Reviewed by Patrick Cooper
The Town That Dreaded Sundown is a hugely entertaining atmospheric thriller saved from the bowels of obscurity by Scream Factory. It plays out more like a police procedural than a horror film (like Zodiac), with moments of terror and misplaced comedy peppered throughout. The film becomes even more interesting when you realize that, holy shit, it really is based on a true story of one of America’s earliest serial killers. Luckily, the new Blu-ray/DVD release from Scream Factory provides plenty of true crime trivia about the actual “Phantom Killer” that paralyzed the twin cities of Texarkana with fear back in 1946, while also giving the film its best presentation ever.
Filmmaker Charles B. Pierce took some liberties with his fictionalized depictions of the real life events, but it’s nonetheless an engaging and disturbing account of the killings. The film’s opening narration paints a post-WWII small town storybook world where everything was “swell.” Like most small towns back in the ’40s, the local youths of Texarkana slobbered all over each other in cars parked along the darkest parts of lonely roads. This sets the scene for the first attack by the hooded madman.
Shortly after this first attack, Deputy Norman Ramsey (Andrew Pine) comes across two gruesomely murdered people in the forest and just misses catching the killer. Now the grave seriousness of the situation is felt and the local police call in the cavalry. Texas Ranger Morales (Ben Johnson) arrives to help with his steely gaze and cowboy cool. While the cops scramble for a lead, the town is gripped with fear and people are afraid to leave their house at night. Y’know, they dread sundown.
Much like Pierce’s previous film The Legend of Boggy Creek, Sundown is presented as a quasi-documentary. The narration starts off enjoyable, setting the scene for the peaceful town to be shattered by the killer, but then it becomes annoying as it pretty much warns the audience that another person is about to be murdered. The kills themselves are pretty plausible, although there is one infamous scene involving a girl tied to a tree and a trombone. Although it’s an awful silly bit, after a few seconds of watching it the absurdity becomes disturbing in itself.
All the while, false accusations, spooked old women, and other paranoid distractions constantly hinder the investigation by Morales and the police. The whole town and surrounding areas were paralyzed with fear for several months, so it’s hard to grasp on film the urgency and tiredness experienced by law enforcement during this time. But it’s great that Pierce focused so much attention on the efforts of the law in the film, rather than just dwelling on the horrible murders. The film doesn’t feel like exploitation, which it very easily could have.
And the scariest part of it all: the killer was never caught. The murders just stopped and the police never solved the case. Some crime enthusiasts believe that the Phantom Killer could possibly be the Zodiac Killer, who operated in the San Francisco area in the late-‘60s, but shit, who knows.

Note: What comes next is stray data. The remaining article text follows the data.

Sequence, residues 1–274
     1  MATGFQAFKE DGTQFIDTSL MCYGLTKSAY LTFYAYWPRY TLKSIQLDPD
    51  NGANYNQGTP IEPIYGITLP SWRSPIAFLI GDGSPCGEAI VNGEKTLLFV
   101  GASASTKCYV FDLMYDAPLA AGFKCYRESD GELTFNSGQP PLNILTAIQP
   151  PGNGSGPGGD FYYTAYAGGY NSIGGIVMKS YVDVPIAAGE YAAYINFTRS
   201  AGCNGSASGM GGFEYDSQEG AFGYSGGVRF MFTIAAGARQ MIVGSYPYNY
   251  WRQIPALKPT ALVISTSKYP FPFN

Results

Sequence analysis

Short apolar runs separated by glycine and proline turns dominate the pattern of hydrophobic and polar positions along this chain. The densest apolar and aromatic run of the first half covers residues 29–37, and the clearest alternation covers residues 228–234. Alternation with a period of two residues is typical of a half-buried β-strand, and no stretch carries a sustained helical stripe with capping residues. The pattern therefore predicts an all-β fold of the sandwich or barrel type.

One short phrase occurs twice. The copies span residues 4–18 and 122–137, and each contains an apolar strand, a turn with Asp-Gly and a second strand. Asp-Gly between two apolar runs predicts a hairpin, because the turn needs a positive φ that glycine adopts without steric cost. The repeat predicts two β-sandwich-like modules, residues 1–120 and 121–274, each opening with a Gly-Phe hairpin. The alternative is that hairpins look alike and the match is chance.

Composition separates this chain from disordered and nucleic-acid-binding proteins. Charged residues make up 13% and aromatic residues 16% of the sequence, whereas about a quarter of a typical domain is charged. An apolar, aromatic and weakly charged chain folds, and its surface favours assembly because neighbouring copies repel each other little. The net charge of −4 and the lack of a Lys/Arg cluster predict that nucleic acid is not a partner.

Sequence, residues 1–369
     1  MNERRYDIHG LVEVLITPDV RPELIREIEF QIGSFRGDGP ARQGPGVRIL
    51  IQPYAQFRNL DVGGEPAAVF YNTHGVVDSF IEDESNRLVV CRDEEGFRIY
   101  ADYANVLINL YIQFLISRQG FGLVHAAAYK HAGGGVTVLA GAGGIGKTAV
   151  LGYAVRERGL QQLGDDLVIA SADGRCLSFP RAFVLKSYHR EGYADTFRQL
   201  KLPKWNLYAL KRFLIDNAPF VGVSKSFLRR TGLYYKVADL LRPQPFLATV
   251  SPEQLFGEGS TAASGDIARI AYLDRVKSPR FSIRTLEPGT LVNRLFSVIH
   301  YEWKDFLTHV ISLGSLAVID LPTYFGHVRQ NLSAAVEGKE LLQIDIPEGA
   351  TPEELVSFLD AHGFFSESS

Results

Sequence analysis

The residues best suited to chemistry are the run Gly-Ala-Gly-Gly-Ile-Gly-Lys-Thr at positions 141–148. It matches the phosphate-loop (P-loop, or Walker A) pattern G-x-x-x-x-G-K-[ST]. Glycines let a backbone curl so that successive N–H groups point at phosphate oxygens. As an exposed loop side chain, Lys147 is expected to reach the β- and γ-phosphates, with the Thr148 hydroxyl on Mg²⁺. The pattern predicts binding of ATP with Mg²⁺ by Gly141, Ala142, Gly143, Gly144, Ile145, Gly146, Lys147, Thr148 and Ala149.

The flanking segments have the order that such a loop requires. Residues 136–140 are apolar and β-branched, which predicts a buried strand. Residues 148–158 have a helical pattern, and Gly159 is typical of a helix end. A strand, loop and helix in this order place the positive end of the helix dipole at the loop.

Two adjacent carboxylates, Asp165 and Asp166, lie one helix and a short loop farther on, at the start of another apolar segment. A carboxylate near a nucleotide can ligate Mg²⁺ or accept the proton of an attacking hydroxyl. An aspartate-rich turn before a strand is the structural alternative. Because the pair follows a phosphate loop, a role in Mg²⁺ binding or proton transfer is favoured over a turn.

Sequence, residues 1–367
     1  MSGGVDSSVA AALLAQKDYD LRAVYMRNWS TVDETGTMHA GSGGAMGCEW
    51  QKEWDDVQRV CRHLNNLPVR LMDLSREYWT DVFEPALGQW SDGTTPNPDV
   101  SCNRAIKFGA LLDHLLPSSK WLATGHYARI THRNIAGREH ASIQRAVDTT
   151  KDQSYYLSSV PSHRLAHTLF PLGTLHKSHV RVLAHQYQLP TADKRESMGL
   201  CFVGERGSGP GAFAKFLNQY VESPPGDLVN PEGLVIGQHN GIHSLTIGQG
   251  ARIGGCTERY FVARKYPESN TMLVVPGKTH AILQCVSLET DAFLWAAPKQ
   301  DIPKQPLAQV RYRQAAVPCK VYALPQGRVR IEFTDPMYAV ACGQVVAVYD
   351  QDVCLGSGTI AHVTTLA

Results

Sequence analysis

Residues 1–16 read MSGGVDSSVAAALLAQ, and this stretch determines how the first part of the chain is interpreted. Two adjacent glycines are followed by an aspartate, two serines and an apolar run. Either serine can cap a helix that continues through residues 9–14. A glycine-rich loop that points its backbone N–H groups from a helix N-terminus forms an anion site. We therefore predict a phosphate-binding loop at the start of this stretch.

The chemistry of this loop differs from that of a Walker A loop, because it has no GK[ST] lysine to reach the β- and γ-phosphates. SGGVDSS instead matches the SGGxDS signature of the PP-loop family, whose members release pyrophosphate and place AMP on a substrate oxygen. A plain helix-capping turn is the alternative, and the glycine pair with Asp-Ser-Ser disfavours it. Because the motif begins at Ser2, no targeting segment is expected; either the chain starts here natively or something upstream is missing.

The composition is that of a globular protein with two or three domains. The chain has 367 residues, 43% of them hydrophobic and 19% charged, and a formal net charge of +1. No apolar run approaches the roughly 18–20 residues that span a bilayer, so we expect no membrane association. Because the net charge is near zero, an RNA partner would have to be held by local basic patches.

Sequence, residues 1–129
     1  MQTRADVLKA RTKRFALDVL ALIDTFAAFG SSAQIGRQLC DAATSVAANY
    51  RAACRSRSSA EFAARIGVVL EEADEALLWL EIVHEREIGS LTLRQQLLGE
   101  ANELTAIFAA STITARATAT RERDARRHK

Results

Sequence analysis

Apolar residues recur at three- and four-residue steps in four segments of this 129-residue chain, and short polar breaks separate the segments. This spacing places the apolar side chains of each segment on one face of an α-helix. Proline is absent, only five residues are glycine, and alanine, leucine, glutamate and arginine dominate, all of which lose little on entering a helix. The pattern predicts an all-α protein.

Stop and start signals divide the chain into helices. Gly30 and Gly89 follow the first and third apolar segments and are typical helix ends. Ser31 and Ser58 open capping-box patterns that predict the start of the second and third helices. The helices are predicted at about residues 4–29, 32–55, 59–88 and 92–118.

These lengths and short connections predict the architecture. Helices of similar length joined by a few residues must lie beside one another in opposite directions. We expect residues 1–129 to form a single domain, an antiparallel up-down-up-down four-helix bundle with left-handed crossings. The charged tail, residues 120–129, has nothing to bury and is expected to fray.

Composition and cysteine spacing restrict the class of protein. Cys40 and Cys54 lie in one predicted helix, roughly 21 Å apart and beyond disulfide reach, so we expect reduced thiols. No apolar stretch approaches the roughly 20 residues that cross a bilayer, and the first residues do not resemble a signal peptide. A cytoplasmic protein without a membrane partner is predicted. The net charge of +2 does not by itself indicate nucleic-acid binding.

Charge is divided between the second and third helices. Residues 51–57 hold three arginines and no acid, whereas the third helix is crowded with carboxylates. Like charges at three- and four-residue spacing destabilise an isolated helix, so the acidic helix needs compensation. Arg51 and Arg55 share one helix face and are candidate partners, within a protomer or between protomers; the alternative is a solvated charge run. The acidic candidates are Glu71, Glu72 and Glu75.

The only parts that fumble a bit are the regrettable comedic moments. Pierce also stars in the film as “Sparkplug,” an enthusiastic Barney Fife character who bumbles his way through police work. On more than one occasion a failed joke or gag is accompanied by some form of the “sad trombone.” These well-intentioned bits sharply interrupt the serious ambience of the film, but at least they’re few and spaced far enough apart that they don’t ruin the whole thing.
True crime nuts and horror fans sort of go hand-in-hand, so The Town That Dreaded Sundown is sort of a perfect storm in that regard. And Scream Factory’s package comes very, very highly recommended.
Audio Commentary with Fangoria’s Justin Beahm and Historian Jim Presley: This track is a must-listen for anyone interested in the true-life killings. Jim Presley is an expert on the Phantom Killer and even grew up in and around Texarkana during the time. There’s loads of insight about the film’s accuracy and the gruesome murders.
Interview with Actor Andrew Pine: in this bit, Pine discusses what it was like working with Pierce and his enjoyment of the whole “circus” atmosphere. He’s got nothing but nice things to say about the people of Texarkana and how welcoming they were to the whole cast and crew.
Interview with Actress Dawn Wells: Wells (best known as Mary Anne from Gilligan’s Island) plays one of the real life women who survived an attack by the Phantom Killer. She tells a really funny and terrifying story about the pit bull used in her scene. And in case you were wondering, yes, she’s still the sexiest woman on the island. I was never into that slut Ginger.
Interview with DP James Roberson: This refined gentleman details how he got into cinematography and how he got involved with the project. He worked with Pierce previously on Winterhawk and has fond memories of the filmmaker.
“The Phantom of Texarkana”: this is a fantastic essay that covers the film and the real-life killer. There is some great information about the local backlash against the film and subsequent embrace
Trailer, Poster, and Still Gallery
SUPER AWESOME BONUS FEATURE: On the included DVD of Sundown, you’ll find Charles B. Pierce’s 1979 film The Evictors. This one’s another thriller and period piece set around World War II. A couple moves into a run-down house in Louisiana. Years before the house was the scene of a grisly showdown between landlord and tenants and, of course, some secrets stayed within the walls. It’s a genuinely moody, atmospheric film with some scary moments that are truly earned. Bravo, Scream Factory, for throwing in such a great bonus.
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